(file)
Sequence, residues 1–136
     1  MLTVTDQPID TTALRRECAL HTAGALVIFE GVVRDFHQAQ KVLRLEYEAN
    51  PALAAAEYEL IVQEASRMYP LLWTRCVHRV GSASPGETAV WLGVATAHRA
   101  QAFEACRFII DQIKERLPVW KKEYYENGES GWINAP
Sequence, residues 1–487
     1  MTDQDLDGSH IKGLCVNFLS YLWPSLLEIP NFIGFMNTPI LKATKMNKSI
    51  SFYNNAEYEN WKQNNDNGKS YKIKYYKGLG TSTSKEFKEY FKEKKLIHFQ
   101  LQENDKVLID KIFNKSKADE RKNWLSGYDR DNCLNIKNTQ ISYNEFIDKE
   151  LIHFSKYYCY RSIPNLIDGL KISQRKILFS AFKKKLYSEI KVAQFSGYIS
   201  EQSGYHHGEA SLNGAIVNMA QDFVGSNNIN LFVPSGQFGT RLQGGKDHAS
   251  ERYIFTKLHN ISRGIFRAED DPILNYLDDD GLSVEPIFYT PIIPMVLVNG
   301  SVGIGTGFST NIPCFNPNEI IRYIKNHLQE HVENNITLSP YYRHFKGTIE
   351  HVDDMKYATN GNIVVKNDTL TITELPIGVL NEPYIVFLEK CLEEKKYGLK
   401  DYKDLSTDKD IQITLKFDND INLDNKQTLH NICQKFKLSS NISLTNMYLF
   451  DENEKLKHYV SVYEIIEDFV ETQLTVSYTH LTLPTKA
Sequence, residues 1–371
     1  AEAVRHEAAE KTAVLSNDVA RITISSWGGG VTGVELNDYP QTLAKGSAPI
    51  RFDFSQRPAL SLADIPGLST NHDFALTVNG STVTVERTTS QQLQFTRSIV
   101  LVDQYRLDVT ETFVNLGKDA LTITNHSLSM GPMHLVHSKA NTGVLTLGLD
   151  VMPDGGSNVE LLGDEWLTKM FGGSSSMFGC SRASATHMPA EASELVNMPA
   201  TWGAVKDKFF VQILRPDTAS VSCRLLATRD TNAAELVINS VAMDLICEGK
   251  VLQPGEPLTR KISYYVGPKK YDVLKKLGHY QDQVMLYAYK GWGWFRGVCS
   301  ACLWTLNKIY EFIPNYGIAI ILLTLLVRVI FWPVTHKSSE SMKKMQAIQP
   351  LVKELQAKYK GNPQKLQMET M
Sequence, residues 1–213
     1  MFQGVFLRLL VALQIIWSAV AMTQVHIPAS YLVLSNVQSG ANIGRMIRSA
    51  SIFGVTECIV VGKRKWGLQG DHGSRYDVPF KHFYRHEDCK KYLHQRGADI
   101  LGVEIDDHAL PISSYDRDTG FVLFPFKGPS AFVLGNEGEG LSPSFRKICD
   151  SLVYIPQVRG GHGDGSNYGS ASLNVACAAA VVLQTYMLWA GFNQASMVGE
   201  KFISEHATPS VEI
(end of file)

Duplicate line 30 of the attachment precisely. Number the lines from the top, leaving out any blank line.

   201  KFISEHATPS VEI